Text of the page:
Consider two surfaces of constant, but different, pressure. From hydrostatic balance, we know that the rate pressure changes with depth is larger in a greater density fluid. Thus, two surfaces of constant pressure will be more closely spaced in the vertical in a denser fluid than in a lighter fluid. This results in constant pressure surfaces (isobars) that are no longer aligned with constant surfaces. As a result, horizontal variations in density are associated with horizontal pressure gradients, but the relationship is a little more complicated. In fact, as we will show below, horizontal variations of density are linked to how the horizontal pressure gradient changes with depth.
First let’s develop some intuition. Consider two fluid columns of differing density (higher density is on the right in the figure). Assume that the top surface is flat and there is some barrier keeping the fluids in place. The (atmospheric) pressure at the top surface is the same over both fluid columns and the PGF is zero at . The hydrostatic pressure at the bottom will be greater below the greater density fluid and the PGF is directed toward the left. We can observe two important things:
(1) There is a relationship between horizontal density gradients and the difference in PGF at the top versus at the bottom of the fluid, and,
(2) Since the (smaller) pressure value must be found above the bottom in the right column, the distance between constant pressure surfaces is smaller where density is greater. This corresponds to a smaller difference in gravitational potential energy between the two pressure surfaces and (Recall from your Mechanics course that the gravitational potential energy of an object is , the gravitational constant times its altitude.)
Now let’s work out the math. Starting with the hydrostatic pressure gradient
and remembering that the partial derivative is just a ratio of small changes in pressure (dP) and depth (dz) while holding time and the horizontal coordinates constant, we find
Since g is effectively a constant over the depth of the ocean, the left side represents the difference in potential energy between two points in a water column, separated by a small vertical distance. We can easily measure the variables on the right side with a CTD, one of the most abundant forms of data we collect about the interior of the ocean.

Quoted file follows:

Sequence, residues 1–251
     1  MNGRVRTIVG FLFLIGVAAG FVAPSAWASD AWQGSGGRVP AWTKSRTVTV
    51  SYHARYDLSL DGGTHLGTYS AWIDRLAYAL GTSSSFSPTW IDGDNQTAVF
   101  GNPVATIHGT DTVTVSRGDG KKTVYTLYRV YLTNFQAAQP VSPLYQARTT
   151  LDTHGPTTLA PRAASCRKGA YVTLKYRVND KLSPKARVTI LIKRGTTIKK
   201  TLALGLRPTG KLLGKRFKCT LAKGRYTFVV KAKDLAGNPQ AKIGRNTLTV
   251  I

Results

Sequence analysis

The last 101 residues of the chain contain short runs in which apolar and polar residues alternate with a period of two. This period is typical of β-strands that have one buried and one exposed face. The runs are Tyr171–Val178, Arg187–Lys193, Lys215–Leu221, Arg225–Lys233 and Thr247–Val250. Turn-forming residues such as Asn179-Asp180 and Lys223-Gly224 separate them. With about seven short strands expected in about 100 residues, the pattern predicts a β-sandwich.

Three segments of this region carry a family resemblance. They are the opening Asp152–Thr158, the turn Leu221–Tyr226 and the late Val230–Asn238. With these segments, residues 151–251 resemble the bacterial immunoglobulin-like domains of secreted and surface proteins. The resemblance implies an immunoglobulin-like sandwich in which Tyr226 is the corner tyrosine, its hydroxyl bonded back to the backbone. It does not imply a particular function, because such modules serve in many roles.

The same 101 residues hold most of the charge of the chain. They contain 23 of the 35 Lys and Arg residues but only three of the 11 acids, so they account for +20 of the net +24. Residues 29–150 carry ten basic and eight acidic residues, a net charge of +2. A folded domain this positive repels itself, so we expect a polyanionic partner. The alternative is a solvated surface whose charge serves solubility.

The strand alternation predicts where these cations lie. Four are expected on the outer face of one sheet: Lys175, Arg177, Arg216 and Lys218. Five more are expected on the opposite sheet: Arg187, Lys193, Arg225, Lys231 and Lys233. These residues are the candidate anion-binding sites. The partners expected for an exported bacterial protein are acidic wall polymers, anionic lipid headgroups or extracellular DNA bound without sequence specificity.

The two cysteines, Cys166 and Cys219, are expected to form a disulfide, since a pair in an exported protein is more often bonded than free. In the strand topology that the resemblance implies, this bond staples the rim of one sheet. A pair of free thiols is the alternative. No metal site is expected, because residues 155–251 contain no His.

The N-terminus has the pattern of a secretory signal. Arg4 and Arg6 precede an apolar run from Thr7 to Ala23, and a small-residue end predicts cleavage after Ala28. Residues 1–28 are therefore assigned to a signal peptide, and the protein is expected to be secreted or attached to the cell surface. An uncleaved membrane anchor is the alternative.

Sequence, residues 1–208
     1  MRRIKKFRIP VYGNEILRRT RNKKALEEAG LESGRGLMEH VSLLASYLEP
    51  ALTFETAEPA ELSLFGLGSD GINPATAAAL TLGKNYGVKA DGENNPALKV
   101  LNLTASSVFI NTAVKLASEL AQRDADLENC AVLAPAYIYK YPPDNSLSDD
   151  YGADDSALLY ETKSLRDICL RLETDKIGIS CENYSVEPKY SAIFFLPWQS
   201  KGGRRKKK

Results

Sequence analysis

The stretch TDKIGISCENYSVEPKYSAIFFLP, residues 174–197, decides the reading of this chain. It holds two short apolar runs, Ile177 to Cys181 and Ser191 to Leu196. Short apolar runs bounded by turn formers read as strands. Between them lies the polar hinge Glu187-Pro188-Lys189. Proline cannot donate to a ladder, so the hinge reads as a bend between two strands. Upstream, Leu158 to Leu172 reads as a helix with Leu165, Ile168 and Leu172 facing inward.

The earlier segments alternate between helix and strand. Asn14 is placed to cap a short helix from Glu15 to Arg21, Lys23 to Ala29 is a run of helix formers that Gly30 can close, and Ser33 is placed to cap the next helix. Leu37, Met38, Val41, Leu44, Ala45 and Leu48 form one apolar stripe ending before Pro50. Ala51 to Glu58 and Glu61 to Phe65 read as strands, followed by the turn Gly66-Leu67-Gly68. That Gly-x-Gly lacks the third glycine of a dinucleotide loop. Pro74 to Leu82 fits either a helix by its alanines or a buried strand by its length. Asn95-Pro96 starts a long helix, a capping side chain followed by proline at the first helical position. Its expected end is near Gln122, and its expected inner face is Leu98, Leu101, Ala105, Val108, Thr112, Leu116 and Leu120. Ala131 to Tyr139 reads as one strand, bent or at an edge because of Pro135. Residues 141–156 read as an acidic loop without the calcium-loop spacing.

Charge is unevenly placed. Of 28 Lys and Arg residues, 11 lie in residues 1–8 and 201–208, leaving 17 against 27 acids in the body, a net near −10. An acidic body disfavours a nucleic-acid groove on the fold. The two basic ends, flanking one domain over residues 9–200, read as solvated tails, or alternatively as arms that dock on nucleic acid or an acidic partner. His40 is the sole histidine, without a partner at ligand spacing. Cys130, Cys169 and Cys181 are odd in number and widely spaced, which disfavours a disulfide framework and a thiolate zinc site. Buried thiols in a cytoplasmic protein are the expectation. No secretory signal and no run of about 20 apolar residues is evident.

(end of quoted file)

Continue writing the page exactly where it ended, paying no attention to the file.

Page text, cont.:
For real-world vertical distances, we add up all the small changes in potential energy, or integrate the last expression.
We call this difference in geopotential between two points in the water column the dynamic height, D:
If you are not comfortable with integration, you can build intuition by thinking of the dynamic height as minus one times the pressure difference, , divided by the average density within that part of the water column,
For example, take Point 2 to be above Point 1 (). Then, will be a negative number, and the dynamic height will be a positive number. It will be a larger number (for the same pressure interval) when the average density is lower.
Horizontal gradients in dynamic height can be shown (derivation) to be related to the horizontal pressure gradient force at one level minus the horizontal pressure gradient force at a deeper level.
For example, for the x-component:
This relationship to hydrostatic pressure gradients is very convenient since we can easily measure dynamic height. We will return to this topic in a later section.
- DynHeight © Susan Hautala is licensed under a CC BY-NC-SA (Attribution NonCommercial ShareAlike) license